Flutter Web API Request Local Cache

I have already made an article about how to develop a local caching for Firestore. Now it’s time to make the same thing, but for everything else. So I am going to show you how you can create local caching for your API calls.

The problem

You can easily find yourself in my position, where I created a web app, but a web app is really different than a mobile app. Mobile apps cannot be resized like you could resize a browser. When you resize the browser – and did not implement a proper state management- every API call that is on the page, will be reran.

As you can see resizing is flooding the network with API calls. The good thing is, you can get rid of these requests pretty easily. First you have to recognize that there’s a problem, but trust me you will see it, it laggs like crazy when you are resizing. Second, the solution is obvious. Just don’t let those request get out to the network. Third is implementation.

Should you cache?

Or rather when should you cache? Simple, you should cache everytime, when the API you are requesting is not a POST, modify something and gives you back some data that you would use. The reason is, if you cache that, you won’t be able to see the modified data, because it will be your previous cached data, that is outdated at this point. But we will implement a way around it.

Implementation

You could implement a local cache by modifying the flutter_service_worker.js, but that is a bit of a hassle. That file is only available once you have built your project, and everytime you build it, it gets overwritten. Secondly it is not Flutter, but js.

I have chosen the approach of creating an interceptor within Flutter. An interceptor is some kind of gateway, where your network packages will be monitored. You can find and create interceptors in the Dio package, but other packages also have similar approaches, like Chopper, which also has them.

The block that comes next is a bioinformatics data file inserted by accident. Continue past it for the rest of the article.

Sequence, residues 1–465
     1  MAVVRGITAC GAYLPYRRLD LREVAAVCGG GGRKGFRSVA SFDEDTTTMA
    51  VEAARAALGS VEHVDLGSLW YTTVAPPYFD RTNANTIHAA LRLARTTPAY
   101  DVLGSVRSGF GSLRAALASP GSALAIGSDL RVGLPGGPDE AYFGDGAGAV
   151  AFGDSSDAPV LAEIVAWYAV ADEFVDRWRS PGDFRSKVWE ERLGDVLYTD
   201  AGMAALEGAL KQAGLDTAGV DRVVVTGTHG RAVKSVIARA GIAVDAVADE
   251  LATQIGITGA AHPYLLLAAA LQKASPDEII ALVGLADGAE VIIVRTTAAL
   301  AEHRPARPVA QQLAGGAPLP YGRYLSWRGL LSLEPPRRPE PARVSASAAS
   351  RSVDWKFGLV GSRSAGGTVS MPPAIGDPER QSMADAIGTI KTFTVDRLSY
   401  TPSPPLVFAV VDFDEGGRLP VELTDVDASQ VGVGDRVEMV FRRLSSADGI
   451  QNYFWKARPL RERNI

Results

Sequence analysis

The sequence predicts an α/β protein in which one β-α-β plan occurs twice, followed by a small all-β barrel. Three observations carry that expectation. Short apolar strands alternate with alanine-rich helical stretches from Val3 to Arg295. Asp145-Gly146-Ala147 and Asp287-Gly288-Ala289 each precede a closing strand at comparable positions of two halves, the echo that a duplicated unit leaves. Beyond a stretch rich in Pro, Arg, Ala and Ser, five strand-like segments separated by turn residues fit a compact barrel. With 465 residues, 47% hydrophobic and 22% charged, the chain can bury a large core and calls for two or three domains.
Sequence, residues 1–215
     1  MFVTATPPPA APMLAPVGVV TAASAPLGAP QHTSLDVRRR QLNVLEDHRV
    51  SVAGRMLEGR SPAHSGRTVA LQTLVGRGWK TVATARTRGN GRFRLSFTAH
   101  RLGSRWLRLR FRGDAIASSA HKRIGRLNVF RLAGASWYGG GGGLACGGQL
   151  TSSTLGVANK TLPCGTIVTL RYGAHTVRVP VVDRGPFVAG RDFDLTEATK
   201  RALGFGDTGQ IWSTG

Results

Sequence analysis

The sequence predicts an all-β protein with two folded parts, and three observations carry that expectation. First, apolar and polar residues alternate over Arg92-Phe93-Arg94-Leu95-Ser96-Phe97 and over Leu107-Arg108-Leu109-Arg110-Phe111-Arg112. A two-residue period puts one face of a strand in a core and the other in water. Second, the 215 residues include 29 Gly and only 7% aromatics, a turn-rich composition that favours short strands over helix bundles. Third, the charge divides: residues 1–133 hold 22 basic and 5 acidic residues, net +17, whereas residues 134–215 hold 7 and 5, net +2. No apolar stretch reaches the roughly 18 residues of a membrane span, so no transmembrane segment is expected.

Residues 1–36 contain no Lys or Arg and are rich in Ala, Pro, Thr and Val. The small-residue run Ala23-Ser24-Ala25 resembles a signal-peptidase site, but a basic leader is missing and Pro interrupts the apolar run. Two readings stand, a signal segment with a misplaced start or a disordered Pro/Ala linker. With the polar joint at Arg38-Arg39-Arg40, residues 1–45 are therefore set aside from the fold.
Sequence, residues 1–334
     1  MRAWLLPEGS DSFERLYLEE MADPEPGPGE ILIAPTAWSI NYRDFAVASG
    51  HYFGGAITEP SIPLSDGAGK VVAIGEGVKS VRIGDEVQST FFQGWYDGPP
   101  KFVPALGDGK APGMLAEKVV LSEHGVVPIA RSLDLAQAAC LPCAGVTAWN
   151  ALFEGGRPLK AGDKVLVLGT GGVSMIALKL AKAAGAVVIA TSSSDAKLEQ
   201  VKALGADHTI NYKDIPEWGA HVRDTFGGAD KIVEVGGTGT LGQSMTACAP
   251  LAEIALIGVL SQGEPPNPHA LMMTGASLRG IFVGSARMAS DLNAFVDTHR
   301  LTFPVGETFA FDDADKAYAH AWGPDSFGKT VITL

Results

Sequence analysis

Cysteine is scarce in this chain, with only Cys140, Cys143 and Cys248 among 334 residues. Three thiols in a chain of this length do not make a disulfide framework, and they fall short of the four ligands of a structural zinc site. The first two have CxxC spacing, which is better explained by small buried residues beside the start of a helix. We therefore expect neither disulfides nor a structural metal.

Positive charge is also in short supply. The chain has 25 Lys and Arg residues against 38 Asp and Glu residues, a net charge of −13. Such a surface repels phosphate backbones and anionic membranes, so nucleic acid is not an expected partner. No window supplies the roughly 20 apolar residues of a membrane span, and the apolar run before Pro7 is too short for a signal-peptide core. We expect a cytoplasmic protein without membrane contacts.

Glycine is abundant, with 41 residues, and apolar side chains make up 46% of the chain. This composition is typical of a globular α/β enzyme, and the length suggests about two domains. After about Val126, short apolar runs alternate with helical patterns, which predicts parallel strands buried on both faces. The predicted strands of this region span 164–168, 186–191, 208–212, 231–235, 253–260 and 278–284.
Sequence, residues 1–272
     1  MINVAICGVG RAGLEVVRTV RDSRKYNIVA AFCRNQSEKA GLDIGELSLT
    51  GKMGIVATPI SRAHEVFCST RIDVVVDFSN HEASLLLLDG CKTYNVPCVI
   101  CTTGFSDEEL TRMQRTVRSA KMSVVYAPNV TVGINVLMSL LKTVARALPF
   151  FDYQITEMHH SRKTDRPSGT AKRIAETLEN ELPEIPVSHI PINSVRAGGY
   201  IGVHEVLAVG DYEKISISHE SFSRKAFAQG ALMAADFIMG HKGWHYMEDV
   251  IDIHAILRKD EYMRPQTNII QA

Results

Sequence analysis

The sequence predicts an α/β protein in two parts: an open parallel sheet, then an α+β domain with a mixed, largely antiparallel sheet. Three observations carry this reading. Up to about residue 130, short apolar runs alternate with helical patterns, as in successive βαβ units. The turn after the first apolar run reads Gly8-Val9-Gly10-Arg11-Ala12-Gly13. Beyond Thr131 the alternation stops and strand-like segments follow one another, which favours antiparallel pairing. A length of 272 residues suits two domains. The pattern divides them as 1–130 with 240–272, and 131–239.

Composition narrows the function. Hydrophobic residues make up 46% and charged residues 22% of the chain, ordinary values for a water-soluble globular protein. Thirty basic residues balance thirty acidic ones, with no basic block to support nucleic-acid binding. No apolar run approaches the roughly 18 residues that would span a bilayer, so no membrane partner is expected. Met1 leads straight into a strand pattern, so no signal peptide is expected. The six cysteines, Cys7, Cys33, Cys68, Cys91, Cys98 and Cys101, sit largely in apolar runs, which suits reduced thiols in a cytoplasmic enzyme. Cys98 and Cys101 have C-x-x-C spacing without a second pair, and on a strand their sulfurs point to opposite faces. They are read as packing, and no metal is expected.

You can monitor out going requests, incoming responses and also incoming errors as well. For the local cache, we are just going to need the onRequest and onResponse methods.

import 'package:DOChallenge/core/network/entities/cache_response.dart';
import 'package:dio/dio.dart';

const DEFAULT_CACHE_DURATION 5;

class LocalCacheInterceptor implements Interceptor {
  final int cacheDuration;
  static Map<StringCacheResponse> cache = Map<StringCacheResponse>();

  LocalCacheInterceptor({this.cacheDuration = DEFAULT_CACHE_DURATION});

  @override
  Future onError(DioError err) {
    return Future.value(err);
  }

  @override
  Future onRequest(RequestOptions options) async {
    String key = options.path;
    
    if (options.extra["isForced"] ?? false) {
      return Future.value(options);
    }

    if (cache.containsKey(key)) {
      if (Duration(seconds: cacheDuration) > DateTime.now().difference(cache[key].timestamp)) {
        return Future.value((cache[key].response as Response));
      }
    }

    return Future.value(options);
  }

  @override
  Future onResponse(Response response) {
    
    final key = response.request.path;
    if (cache.containsKey(key)) {
      if (Duration(seconds: cacheDuration) < DateTime.now().difference(cache[key].timestamp)) {
        cache[key] = CacheResponse(timestamp: DateTime.now(), response: response);
      }
    } else {
      cache[key] = CacheResponse(timestamp: DateTime.now(), response: response);
    }
    return Future.value(cache[key].response);
  }
}

We are saving the response in a Map<String, CacheResponse> object, where the key is the path of the request, and the value is the response plus a timestamp.

class CacheResponse {
  final DateTime timestamp;
  final dynamic response;

  CacheResponse({this.response, this.timestamp});
}

And we are checking in the onRequest function, whether the map contains a response, and the ellapsed time is smaller than the cache duration.

Now for the POST problem I have described, you can use the extra option, and you can set the isForced to always get the data from the web, and not from your cache.

Example

You don’t need anything other than your API call, this example was created using the Dio package. But you can use it everywhere, you just need the create the interceptor.

Future<ChallengegetChallenge(int challengeId) async {
  Response response = await db.server.get('/doc/pub/challenge' + challengeId.toString());
  return Challenge.fromJson(response.data);
}

Results

Conclusion

We have created a way of improving our wb application, with local cahcing API requests. You could modify the flutter_service_worker.js file to implement caching, but I think the previous method is way simpler, and more usable. So feel free the copy the code and make stuff with it.